Finally, I spoke about how the programme has helped me. For me, AA has been utterly transformative. Alcoholism is just a symptom of something deeper for me that over the years has manifested itself in different ways. I am a chronic relief seeker, always wanting to change the way I feel. I’m a sensitive soul, wounded by others words and actions. The AA programme has not only helped me to stop drinking, but it’s given me the tools to treat what’s underneath. 
 
It was an amazing privilege to have people share back and tell me how they related with my story. There were a few newcomers there who were really encouraged to see someone only slightly ahead of them on the sober path being so content in their sobriety. It took me a long time to get here, but once I got some time under my belt the shift to happiness happened very quickly. 
 
I have so so far to go on my journey through sobriety, but at 114 days sober I know I simply cannot go back. I feel a real sense of calm acceptance that I didn’t feel even just a few weeks ago. I’m gaining SO much more through being sober than I’m losing through not drinking and that’s an amazing place to be.
 
It’s important to me that I don’t suggest that AA is the only answer, as I know many people get sober without it. But it is a very very special place and I’d recommend that everyone who’s struggling to get sober gives it a go. What is there to lose by trying something out before you rule it out? That’s the attitude I took, and here I am happy as happy can be to be a proud member of alcoholics anonymous. Who’da thunk it?

90 Days and Confused

14 Apr

Today I’m 90 days sober. Three whole months. It simultaneously feels a lifetime and no time at all.

In AA, 90 days is one of the magic numbers. They tell you to try and go to 90 meetings in 90 days when coming into recovery (which quite frankly is ridiculous if you have a job and a life…) but I understand that this is a guard against relapse in early recovery. A stabilising phase to get the drink out of your system and build recovery into your daily life.

Tonight I’ll collect my 90 day chip and will treasure it close to my heart. Without this sobriety, I erode myself from the inside out and I need to remember that.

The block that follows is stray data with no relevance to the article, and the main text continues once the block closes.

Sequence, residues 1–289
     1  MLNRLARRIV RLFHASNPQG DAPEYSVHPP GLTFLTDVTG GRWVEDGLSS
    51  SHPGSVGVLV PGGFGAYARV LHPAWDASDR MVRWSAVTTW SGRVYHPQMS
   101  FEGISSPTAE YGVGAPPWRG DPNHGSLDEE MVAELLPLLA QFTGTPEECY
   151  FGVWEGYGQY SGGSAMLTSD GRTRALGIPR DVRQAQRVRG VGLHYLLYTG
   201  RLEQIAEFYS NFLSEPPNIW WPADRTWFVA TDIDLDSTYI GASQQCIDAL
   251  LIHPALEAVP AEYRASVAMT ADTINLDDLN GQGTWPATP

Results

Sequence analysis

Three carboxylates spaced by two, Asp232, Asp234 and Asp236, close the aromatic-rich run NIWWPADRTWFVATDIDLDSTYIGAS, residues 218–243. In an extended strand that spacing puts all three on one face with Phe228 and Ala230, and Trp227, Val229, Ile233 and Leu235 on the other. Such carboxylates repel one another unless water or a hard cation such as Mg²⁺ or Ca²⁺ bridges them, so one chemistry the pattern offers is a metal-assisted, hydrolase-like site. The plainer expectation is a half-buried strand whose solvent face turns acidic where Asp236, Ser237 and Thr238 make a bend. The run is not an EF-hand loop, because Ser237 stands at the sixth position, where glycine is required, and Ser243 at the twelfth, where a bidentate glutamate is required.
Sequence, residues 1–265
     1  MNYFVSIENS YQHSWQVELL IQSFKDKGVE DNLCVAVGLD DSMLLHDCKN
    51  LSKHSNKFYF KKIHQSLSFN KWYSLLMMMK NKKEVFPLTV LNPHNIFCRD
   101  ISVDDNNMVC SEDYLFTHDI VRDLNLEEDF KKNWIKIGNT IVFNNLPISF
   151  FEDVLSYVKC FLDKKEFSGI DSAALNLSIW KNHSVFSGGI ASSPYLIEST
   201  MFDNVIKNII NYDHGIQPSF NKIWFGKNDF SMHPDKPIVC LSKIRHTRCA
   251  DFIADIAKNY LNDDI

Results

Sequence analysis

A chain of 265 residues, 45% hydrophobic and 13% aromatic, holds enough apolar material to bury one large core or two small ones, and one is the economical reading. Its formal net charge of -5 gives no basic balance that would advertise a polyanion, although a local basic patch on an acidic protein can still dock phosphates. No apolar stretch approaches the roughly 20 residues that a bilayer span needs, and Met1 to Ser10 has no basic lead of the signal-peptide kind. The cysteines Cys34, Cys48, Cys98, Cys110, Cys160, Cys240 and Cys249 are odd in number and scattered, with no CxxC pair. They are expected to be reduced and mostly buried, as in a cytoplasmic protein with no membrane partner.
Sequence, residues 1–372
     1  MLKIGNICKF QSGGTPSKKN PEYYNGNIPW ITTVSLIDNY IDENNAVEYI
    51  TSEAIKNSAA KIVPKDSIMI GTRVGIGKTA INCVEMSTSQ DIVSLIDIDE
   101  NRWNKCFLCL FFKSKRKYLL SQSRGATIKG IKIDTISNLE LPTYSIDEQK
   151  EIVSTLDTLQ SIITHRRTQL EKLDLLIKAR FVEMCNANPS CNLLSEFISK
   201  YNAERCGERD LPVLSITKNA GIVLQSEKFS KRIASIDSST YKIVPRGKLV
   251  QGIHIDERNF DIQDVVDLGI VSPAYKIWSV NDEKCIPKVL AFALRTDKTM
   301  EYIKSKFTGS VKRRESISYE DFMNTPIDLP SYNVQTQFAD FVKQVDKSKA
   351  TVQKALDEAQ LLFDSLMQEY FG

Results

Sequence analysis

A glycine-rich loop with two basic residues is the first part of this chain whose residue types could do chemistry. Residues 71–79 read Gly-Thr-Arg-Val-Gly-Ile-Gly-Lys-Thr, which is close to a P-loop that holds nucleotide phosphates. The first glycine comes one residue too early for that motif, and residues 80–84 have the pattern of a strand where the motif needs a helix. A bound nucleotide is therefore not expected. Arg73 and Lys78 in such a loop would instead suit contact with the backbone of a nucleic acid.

But If I’m really honest, this past weekend I’ve felt the least stable in my sobriety I’ve been since those first few painful weeks. I’m finding it really bloody hard to reconcile myself to the fact I can’t drink. This weekend I was SO close. I had a major case of The Fuck Its and do you know what really scared me? I didn’t reach out to anyone for help. I didn’t want to. I just sat through the urge, white knuckling my way through a weekend of people drinking around me.

It was such an emotional weekend. I’m starting to get scared about sharing too many details about my life, but I spent the weekend at an event that was a non-stop overpouring of emotion everywhere around me. It was 48 hours of love, positivity and joy, and this made me want to drink. To heighten the emotion. To get that drunk high that comes before the fall. I just wanted to feel MORE than I did, feel the booze coursing through my veins and get a bit high on alcohol-enhanced life.

This was exacerbated by having a bit of a love interest enter my life. It’s someone who I, who I met through one of my hobbies for the first time last weekend and we spent the last two days together. I’m having that nervous/excited ‘does he like me? Do I like him? What might happen?!’ first stages of potential romance thing. This is compounded by my sober confusion ‘should I be thinking about a relationship now? Will it make me less stable? Do I really like him or just *think* I like him because I want some excitement in my life?’ No idea. I’ll have to sit tight on this.

We were out drinking two nights in a row and of course I didn’t drink, but I felt if I had, it might have moved things on a bit. One of the things I miss about drinking is that false intimacy it creates. Booze’s ability to smooth over the nerves and let you relax into a night. I’ve become a bit obsessed with dating sober, worrying about how I’ll do it, agonising over how I’ll miss sharing wine over a meal. Getting drunk and silly together. I brought this up with my therapist last week and she said, with a bite of much needed sarcasm and a dollop of tough love: ‘How terrible to have to enter a relationship being the authentic you. What a hardship’. We laughed together about it, but she’s absolutely right. The choices I would make regarding men when drunk are very different to the choices I would make sober. I’m scared to make these kinds of decisions sober, I think, because it means I have time to think harder about what I’m getting myself into, how it will serve me and what my deep down intuition is  telling me. As my therapist would say, how terrible! Poor me for having to think and act in my best interests!

I talked to my flatmate last night about all these feelings I’m having around missing out because of alcohol, and he said something that’s been absolutely revelatory in my sober journey. We have a phrase in Britain that sometimes precedes a compliment: ‘I don’t want to blow smoke up your arse but [insert compliment here]’ which he used and made me giggle. He didn’t want to blow smoke up my arse BUT I’m not one of those people who needs alcohol to socialise. He pointed out that I’m really sociable, have lots of great friends who would do anything for me and have a job that absolutely relies on my social skills. If there’s anyone who can navigate dating sober it’s you, he told me. And I know there’s truth in that.

There’s also truth in the fact that my life is just so much better when I don’t drink. I’m happier, more productive, more emotionally stable (most of the time), I have self-esteem and ambition again. So why the urge?